In the picturesque city of Bruges-Sint Michiels,designer Lieven Musschoot has transformed an old butchery into a restaurant-cum –traiteur with a capacity off 25 guests At the heart of the traditional scheme is a preference for purity and honesty.After part of the building was demolished, a steel-framed new-build extension with a 4-m-high glass façade was adds and the existing volume wrapped in cortens steel that will rust in time The glazed façade welcomes an abundance of natural light into the restaurant. Tete Pressée embraces two atmospheres: the rather businesslike environment of the traiteur and the intimate ambience that permeates the restaurant, Th e restaurant is an eat-table and the traiteur is a eat-shop,this are two new terms for the concept. Simple, authentic materials illustrate Musschoot’s love of interior design. Walls are made partially of ceramics tiles and sandblasted oak, and floors feature concrete black clinckers. Overhead a stretch ceiling is combined with rough concrete. Heightening intimacy in the restaurant is a black ceiling from mona visa boasting an illuminated calf’s head, the establishment logo and it was also the logo from the old butchery.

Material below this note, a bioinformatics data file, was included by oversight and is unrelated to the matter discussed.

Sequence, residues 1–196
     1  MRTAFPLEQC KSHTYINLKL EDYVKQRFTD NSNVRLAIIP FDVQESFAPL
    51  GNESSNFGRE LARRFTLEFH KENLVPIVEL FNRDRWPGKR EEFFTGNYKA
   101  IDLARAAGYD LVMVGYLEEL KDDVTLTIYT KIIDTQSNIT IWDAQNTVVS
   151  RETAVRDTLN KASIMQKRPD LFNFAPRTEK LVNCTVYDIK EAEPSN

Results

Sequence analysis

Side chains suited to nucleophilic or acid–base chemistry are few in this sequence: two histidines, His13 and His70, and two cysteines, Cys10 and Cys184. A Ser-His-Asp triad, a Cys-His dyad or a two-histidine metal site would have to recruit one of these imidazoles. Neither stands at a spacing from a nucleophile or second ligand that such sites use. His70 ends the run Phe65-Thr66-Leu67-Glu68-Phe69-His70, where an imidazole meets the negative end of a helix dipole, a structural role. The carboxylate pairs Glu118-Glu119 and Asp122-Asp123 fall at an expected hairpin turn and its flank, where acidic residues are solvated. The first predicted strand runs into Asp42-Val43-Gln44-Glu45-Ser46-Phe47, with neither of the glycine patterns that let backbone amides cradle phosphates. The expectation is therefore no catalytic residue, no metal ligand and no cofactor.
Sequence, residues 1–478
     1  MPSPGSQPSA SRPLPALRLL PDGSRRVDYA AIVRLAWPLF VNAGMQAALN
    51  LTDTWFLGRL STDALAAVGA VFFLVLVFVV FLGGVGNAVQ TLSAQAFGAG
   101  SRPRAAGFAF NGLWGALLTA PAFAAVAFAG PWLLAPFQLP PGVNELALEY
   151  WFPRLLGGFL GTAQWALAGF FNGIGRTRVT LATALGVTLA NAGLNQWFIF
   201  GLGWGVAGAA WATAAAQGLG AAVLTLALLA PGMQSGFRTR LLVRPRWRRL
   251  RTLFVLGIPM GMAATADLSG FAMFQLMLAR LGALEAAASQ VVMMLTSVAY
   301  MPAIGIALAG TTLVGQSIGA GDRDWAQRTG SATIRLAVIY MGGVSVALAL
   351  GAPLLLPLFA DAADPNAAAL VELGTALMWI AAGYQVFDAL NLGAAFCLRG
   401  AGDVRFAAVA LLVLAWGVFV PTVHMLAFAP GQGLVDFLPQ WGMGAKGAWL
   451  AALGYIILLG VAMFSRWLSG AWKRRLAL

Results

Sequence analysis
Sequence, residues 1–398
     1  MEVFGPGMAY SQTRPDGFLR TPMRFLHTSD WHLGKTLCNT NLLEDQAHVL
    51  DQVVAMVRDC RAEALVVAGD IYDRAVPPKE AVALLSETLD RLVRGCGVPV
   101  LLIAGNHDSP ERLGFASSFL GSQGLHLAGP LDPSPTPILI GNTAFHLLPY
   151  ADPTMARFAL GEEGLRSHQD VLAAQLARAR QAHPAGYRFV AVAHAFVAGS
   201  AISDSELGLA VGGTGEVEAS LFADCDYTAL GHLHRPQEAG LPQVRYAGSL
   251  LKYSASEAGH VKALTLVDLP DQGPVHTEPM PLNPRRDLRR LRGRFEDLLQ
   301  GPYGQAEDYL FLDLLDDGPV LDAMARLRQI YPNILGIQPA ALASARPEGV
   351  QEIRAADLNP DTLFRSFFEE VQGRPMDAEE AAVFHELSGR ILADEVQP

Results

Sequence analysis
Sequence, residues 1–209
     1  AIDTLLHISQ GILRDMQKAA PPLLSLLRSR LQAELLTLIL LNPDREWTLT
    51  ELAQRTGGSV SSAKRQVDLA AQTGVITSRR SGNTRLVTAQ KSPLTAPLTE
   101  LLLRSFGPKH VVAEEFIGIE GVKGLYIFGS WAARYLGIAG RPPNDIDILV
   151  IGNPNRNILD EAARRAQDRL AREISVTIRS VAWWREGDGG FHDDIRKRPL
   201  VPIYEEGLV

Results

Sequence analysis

Small details, such as a sunlight-generated logo on the counter, are what make this project extra special. Seated at the large sandblasted oak table, with chears from Ethnicraft ,diners have a view of the open kitchen, where meals are prepared by chef Pieter Lonneville- it’s all part of an interior design that encourages communication and fellowship among guests. Lieven Musschoot custom designed most of the furniture found at Tete Pressée. The interior is illuminated by black round lamps manufactured by Austrian lighting company Xal
Tete pressée has won recently the Belgian award 2010 for best restaurant concept and in also nominated for the international concept award at Deauville France